So after that, I stumbled across Gilbert’s Instagram account @elizabeth_gilbert_writer and I have to say, I really enjoy her posts. Again, what a funny, generous, positive, insightful and sensitive person. The other day she was interviewed live on Instagram, which I watched part of, and something she said just resonated with me. I can’t remember it exactly word for word, so I might get this wrong, but what it in essence was, was that we all have a natural drive – a need – to just create, create, create. Not just people, but also nature, nature of course creates too. It includes everything from creating life, creating order where there is none, creating art, creating beauty, creating meaning, creating connections, creating music… It’s what we do; we create, create, create.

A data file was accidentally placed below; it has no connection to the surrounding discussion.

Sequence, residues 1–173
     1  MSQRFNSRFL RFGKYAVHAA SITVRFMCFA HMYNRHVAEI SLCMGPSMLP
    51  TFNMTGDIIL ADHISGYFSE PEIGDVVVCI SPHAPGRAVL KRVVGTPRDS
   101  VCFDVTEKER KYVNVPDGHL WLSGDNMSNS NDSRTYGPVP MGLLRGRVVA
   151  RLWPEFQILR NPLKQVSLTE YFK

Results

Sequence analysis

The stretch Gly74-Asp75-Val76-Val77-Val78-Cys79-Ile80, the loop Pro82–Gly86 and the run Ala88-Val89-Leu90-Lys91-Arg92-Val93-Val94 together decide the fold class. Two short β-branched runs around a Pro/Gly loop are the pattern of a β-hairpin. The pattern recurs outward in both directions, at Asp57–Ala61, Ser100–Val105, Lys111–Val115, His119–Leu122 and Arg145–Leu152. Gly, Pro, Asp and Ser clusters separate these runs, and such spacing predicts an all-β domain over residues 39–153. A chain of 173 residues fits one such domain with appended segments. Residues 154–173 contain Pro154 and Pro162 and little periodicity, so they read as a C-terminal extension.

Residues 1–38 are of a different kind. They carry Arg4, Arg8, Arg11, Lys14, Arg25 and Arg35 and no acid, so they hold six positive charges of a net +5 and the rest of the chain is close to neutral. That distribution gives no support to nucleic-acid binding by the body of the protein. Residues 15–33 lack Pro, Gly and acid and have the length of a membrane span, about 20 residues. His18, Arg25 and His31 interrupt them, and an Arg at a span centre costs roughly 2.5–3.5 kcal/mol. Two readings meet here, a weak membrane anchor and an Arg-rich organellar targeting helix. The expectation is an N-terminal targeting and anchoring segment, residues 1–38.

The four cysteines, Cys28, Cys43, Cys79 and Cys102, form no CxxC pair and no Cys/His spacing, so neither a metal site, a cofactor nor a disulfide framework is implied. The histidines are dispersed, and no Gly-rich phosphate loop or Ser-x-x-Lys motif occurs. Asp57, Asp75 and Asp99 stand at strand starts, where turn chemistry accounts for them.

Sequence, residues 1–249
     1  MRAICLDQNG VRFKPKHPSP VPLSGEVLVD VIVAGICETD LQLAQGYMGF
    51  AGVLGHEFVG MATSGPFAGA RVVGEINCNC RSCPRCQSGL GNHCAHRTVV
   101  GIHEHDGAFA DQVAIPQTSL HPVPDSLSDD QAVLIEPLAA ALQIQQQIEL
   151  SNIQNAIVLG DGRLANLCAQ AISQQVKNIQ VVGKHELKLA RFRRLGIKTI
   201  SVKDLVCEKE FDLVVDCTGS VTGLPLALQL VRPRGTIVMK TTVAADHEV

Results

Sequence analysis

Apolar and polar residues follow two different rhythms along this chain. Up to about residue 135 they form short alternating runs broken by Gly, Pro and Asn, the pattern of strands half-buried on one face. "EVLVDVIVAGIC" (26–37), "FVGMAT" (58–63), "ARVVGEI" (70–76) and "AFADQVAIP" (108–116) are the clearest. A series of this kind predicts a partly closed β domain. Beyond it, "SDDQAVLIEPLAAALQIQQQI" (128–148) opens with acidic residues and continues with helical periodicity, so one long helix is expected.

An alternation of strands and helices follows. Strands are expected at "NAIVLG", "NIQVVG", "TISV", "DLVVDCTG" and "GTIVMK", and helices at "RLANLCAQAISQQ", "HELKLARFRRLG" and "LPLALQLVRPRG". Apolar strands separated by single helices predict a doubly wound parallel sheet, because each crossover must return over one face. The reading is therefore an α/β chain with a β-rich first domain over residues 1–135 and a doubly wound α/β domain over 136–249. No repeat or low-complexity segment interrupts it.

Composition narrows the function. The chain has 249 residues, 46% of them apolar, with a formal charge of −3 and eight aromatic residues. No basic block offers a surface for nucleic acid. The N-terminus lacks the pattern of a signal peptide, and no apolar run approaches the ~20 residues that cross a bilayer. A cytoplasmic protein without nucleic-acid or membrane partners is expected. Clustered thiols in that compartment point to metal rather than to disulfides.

I don’t know if I’m able to convey this in a way that makes any sense, but it just made such perfect sense to me as I was sitting there in my kitchen on a Sunday evening, preparing myself for another week of social distancing and distance schooling (my kids) and (what feels like) a million meals and absolutely maddening amounts of dirty dishes. Ironically, or perhaps not, this feels like one of the most creative periods of my life, which kind of sounds funny since I’m not painting nearly as much as I usually do.